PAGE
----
The ancient Greek and Roman theatres are famous for the excellent acoustics. However, it is not generally well known that different kinds of theatres were built, for different purposes and with different acoustical conditions. One of the aims in the ERATO project has been to investigate the acoustics of the open air theatres and compare to the smaller, originally roofed theatres, also called odea (from Greek: Odeion, a hall for song and declamation with music). The method has been to make computer models of the spaces, first as the exist today, and adjust the acoustical data for surface materials by comparison to acoustical measurements from some of the best preserved examples, namely the Aspendos theatre in Turkey and the South theatre in Jerash, Jordan. Next step was to complete the computer models in accordance with archaeological information, to make virtual reconstructions of the spaces. The acoustical simulations have given a lot of interesting information about the acoustical qualities, mainly in the Roman theatres, but the earlier Greek theatre has also been studied in one case (Syracusa in Italy). It is found that the Roman open-air theatres had very high clarity of sound, but the sound strength was quite low. In contrast, the odea had reverberation time like a concert hall, relatively low clarity, and high sound strength. Thus, the acoustical properties reflect the original different purposes of the buildings, the theatre intended mainly for plays (speech) and the Odeon mainly for song and music.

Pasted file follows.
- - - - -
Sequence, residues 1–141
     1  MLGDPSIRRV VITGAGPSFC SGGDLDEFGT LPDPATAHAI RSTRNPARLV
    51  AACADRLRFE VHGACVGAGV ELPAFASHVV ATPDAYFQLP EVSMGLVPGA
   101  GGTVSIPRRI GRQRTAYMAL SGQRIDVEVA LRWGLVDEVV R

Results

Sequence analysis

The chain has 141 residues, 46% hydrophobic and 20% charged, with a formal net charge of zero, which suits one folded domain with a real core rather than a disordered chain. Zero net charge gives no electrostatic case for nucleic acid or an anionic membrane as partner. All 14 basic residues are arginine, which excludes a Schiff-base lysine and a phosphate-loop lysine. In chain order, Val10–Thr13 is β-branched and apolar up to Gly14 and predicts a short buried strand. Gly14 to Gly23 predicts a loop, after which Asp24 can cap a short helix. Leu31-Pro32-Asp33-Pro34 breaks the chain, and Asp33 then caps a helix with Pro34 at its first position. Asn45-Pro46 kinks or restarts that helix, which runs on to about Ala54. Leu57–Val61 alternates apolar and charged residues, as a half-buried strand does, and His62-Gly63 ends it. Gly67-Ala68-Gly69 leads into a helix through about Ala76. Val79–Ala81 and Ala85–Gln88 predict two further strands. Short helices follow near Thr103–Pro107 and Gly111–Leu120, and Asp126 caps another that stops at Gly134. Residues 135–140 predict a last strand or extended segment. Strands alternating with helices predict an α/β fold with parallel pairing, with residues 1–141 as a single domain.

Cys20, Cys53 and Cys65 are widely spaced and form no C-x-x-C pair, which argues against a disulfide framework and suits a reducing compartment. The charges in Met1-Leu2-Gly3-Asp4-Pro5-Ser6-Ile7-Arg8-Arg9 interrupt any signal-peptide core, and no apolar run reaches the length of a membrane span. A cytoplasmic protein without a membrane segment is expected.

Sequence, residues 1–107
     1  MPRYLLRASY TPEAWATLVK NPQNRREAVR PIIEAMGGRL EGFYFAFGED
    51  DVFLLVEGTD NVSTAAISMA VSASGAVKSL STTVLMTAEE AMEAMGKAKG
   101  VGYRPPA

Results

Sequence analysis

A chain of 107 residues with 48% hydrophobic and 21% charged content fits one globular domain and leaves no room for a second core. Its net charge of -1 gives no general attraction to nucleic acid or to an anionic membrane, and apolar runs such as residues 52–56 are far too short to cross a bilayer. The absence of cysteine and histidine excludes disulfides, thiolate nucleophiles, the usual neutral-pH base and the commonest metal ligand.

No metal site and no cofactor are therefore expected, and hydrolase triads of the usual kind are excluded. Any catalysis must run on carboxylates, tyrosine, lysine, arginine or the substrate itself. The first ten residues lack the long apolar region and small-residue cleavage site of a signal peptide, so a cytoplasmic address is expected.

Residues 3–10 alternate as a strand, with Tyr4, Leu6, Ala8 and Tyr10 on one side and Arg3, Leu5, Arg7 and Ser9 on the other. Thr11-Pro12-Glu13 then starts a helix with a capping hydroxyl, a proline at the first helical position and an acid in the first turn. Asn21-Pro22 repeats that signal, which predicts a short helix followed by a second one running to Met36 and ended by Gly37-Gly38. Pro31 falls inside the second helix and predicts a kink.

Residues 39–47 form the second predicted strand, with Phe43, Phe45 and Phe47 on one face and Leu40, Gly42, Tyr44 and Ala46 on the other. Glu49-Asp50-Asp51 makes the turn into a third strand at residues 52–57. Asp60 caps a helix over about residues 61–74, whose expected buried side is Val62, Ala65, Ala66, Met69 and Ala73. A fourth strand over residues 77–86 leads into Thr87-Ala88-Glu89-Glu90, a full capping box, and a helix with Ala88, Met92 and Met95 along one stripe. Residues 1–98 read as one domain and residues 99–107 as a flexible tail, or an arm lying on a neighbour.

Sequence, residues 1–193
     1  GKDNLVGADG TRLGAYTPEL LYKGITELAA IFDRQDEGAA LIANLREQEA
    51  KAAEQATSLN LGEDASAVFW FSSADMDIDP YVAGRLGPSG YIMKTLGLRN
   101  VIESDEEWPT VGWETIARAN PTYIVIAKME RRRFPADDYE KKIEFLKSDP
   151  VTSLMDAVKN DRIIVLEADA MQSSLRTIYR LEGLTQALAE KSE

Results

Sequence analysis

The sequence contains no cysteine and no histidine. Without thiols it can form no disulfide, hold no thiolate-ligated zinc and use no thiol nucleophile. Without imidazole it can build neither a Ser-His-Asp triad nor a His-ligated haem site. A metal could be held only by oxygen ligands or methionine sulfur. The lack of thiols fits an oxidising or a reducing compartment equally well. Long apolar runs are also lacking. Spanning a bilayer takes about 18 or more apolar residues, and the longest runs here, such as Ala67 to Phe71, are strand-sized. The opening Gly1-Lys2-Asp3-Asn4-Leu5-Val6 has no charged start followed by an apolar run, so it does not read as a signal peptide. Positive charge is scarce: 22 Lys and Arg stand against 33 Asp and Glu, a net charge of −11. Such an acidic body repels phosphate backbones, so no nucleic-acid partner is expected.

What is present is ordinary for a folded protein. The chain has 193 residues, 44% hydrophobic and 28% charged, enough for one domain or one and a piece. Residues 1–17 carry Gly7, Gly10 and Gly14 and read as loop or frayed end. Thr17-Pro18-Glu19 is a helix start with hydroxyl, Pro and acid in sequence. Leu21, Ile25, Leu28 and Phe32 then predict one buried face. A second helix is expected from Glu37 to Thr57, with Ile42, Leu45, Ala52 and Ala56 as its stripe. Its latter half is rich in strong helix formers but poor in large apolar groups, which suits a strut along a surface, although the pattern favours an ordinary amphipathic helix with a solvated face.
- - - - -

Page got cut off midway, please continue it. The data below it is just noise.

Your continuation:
|Title of host publication||ERATO Project Symposium, Proceedings|
|Publication status||Published - 2006|
|Event||ERATO Project Symposium - Istanbul, Turkey|
Duration: 20 Jan 2006 → …
|Conference||ERATO Project Symposium|
|Period||20/01/2006 → …|